Suzanne Swift went AWOL

The Women's War: Behind the Story

 

By Sara Corbett

The New York Times

 

(This an excerpt from The New York Times Magazine published Sunday March 18, 2007)

 

On the morning of Monday, January 9, 2006, a 21-year-old Army specialist named Suzanne Swift went AWOL. Her unit, the 54th Military Police Company, out of Fort Lewis, Washington., was two days away from leaving for Iraq. Swift and her platoon had been home less than a year, having completed one 12-month tour of duty in February 2005, and now the rumor was that they were headed to Baghdad to run a detention center.

 

The footlockers were packed. The company's 130 soldiers had been granted a weekend leave in order to go where they needed to go, to say whatever goodbyes needed saying. When they reassembled at 7 a.m. that Monday, uniformed and standing in immaculate rows, Specialist Swift, who during the first deployment drove a Humvee on combat patrols near Karbala, was not among them.

 

Swift would later say that she had every intention of going back to Iraq. But in the weeks leading up to the departure date, she started to feel increasingly anxious. She was irritable, had trouble sleeping at night, picked fights with friends, drank heavily. ''I was having a lot of little freakouts,'' she told me when I went to visit her in Washington State last summer. ''But I was also ready to go. I was like, 'O.K., I can do this.'''

 

The weekend before the deployment was to start, however, Swift drove south to her hometown, Eugene, Ore., to visit with her mother and three younger siblings. The decision to flee, she says, happened in a split second on Sunday night. ''All my stuff was in the car,'' she recalls. ''My keys were in my hand, and then I looked at my mom and said: 'I can't do this. I can't go back there.' It wasn't some rational decision. It was a huge, crazy, heart-pounding thing.''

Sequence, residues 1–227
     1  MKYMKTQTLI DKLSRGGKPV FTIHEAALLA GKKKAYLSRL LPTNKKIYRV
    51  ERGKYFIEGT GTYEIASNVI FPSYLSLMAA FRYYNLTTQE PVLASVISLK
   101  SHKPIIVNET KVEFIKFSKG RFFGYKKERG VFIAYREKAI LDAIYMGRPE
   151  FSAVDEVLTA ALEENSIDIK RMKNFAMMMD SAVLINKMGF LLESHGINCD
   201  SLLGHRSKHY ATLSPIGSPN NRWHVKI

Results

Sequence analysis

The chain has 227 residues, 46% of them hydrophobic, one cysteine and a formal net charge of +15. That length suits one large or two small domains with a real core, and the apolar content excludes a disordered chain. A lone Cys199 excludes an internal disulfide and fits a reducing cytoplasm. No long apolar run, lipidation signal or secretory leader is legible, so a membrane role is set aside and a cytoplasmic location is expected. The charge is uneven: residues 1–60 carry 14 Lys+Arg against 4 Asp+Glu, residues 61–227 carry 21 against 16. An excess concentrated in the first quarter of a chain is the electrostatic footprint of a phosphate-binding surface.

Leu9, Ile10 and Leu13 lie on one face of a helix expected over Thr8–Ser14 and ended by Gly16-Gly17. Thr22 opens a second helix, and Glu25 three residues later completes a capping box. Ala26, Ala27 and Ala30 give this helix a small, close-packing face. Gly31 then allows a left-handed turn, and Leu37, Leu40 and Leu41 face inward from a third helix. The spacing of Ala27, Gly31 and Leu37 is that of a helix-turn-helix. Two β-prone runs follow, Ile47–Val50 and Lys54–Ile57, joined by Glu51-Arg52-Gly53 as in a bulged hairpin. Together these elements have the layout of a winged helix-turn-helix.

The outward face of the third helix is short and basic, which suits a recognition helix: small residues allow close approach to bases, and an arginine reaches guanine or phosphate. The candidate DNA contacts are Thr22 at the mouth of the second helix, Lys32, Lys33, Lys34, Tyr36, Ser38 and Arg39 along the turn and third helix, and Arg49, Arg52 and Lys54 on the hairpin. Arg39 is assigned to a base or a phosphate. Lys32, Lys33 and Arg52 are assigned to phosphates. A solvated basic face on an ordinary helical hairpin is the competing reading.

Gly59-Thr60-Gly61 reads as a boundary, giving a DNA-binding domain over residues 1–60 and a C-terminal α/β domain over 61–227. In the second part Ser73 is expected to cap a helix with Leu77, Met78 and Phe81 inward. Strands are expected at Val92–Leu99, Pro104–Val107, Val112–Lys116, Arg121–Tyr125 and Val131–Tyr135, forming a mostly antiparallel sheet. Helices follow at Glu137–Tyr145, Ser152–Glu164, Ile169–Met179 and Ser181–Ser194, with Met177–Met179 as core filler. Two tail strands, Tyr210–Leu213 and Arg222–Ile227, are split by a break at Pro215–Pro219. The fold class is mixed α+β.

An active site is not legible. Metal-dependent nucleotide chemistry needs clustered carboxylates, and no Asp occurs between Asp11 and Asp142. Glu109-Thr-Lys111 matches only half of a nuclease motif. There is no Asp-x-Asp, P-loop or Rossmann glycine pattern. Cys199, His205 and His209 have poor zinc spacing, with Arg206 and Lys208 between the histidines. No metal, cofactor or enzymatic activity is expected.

For two days after she failed to report, Swift watched her cellphone light up with calls from her commanders. They left concerned messages and a few angry ones too. She listened to the messages but did not return the calls. Then rather abruptly, the phone stopped ringing. The 54th MP Company had left for Iraq. Swift says she understood then the enormity of what she'd just done.

 

For the remainder of that winter, Swift hid out in the Oregon seaside town of Brookings, staying in a friend's home, uncertain whether the Army was looking for her. ''I got all my money out of the bank,'' she told me. ''I never used my credit card, in case they were trying to trace me. It was always hanging over my head.'' At her mother's urging, she drove back to Eugene every week to see a therapist. In April of last year, she finally moved back into her family's home. Then, on the night of June 11, a pair of local police officers knocked on the door and found Swift inside, painting her toenails with her 19-year-old sister. She was handcuffed, driven away and held in the county jail for two nights before being taken back to Fort Lewis, where military officials threatened to charge her with being absent without leave. As Army officials pondered her fate, Swift was assigned a room in the barracks and an undemanding desk job at Fort Lewis.